Sheath Blight Fungicide Resistance Remains a Concern for Rice Production

In rice production, sheath blight is a very common disease occurring every year in nearly every Arkansas rice field.  The fungus causing sheath blight survives in the soil, crop straw, and several other crops and grasses year in and year out.  The fungus forms structures called “sclerotia” that can lie inactive in the soil until they come in contact with their host plants.  Soybean is the common rotation crop to rice and is one of their favorite hosts.

Picture 3.  Sheath blight in dense canopy.

Sheath Blight - Dark in Dense Canopy

For many years now, strobilurin fungicides have been used to manage sheath blight disease of rice.  Several hundred thousand acres of rice are treated with fungicides for sheath blight each year in Arkansas.  Sometimes the fungicides are applied without actually seeing the disease.  Sheath blight primarily affects yield and milling quality when it reaches the top two leaves prior to 50 percent heading.  In years like 2012 where it was “hot and dry”, conditions were unfavorable for sheath blight development.  Therefore, several rice fields did not need fungicides.  The tall long-grain rice planted early outgrew the disease.  However, the rain in early July gave a little kick to the fungus and fields of semi-dwarf long-grain rice needed fungicide applications.

As every season is different, planting rice in 2013 has been delayed by the wet and cold weather.  Cold or hot or wet or dry, the sheath blight fungus sclerotia are waiting for their favorite host in soil.  Planting more tolerant varieties is always advisable.  Higher seeding rate to compensate for stand loss and possibly higher nitrogen fertilizer to push the late-planted crop to grow faster could cause severe sheath blight incidence.  Anticipating a severe sheath blight season on susceptible varieties, we would like to remind you that fungicide resistance still remains a concern.  Therefore you need to be vigilant as to how you use the strobilurin fungicides to manage sheath blight.  You should note that current fungicides are most effective under low or moderate disease pressure.  Preventative and routine fungicide applications are more likely to result in the development of resistance than applications based on scouting.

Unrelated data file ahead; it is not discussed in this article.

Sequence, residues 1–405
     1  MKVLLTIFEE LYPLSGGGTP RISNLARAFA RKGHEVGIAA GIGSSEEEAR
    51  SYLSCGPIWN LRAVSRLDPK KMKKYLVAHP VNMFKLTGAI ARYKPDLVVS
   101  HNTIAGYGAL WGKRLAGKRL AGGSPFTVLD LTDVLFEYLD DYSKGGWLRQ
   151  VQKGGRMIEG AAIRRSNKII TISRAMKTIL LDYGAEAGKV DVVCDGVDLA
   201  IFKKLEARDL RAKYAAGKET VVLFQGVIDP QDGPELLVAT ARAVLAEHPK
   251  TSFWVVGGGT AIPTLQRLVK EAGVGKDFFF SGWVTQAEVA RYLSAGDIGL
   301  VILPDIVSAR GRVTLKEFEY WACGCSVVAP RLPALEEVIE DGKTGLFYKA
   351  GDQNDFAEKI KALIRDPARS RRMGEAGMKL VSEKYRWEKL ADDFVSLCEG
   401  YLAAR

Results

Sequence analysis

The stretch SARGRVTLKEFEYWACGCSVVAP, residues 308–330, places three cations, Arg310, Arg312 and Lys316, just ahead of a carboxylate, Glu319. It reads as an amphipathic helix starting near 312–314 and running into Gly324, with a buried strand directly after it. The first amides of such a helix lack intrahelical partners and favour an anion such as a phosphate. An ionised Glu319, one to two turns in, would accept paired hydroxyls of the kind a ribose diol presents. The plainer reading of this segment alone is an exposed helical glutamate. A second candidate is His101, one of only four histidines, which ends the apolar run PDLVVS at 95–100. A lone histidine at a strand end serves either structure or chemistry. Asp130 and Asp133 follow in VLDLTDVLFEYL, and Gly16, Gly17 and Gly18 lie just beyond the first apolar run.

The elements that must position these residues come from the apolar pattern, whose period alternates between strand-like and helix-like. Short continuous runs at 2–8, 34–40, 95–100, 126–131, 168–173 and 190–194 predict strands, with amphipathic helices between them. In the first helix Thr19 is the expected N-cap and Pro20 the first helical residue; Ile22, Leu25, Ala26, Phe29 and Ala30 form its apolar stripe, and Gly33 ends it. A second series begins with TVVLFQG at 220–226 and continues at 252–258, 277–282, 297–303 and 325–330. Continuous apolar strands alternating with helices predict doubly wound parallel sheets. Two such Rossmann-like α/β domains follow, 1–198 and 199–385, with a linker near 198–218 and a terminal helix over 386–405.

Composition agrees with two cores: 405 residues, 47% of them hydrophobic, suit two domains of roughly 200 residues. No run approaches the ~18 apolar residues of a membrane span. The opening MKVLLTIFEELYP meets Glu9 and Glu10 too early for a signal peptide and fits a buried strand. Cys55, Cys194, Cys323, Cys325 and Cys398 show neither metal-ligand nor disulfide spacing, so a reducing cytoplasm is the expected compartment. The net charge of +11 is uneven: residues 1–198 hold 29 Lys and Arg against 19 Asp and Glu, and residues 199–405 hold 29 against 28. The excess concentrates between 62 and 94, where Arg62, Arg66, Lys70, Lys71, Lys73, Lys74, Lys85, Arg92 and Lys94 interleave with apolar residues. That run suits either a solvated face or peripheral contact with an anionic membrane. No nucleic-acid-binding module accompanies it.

Therefore, we encourage you to scout first and then spray only if needed.  You may not need to spray all acreage “just because”.  Hybrid rice and medium grains are less likely to benefit from fungicide applications.  But if you pushed high nitrogen fertilizer as in the case of CL XL745 in some fields in past years, the story will be different.

Remember the recommendations – “Fungicides for sheath blight should be applied if your effective scouting indicates more than 35% positive stops in susceptible varieties and more than 50% positive stops in moderately susceptible varieties.”

If you ever observe resistant sheath blight, it would be important to remember that the sheath blight fungus can be moved from field to field in soil and water and by equipment.

Please refer to the MP154 – Arkansas Plant Disease Control Products Guide – 2013:

Rice Seedling Diseases:

Rice Fungicides:

You can also contact your county agents for the rate and timing of applications.

Additional Information

Arkansas Rice Updates are published periodically to provide timely information and recommendations for rice production in Arkansas.  If you would like to be added to this email list, please send your request to

This information will also be posted to the Arkansas Row Crops where additional information from Extension specialists can be found.  Please visit the blog at


We sincerely appreciate the support provided by the Arkansas Rice Research and Promotion Board for this publication.

The authors greatly appreciate the feedback and contributions of all growers, county agents, consultants, and rice industry stakeholders.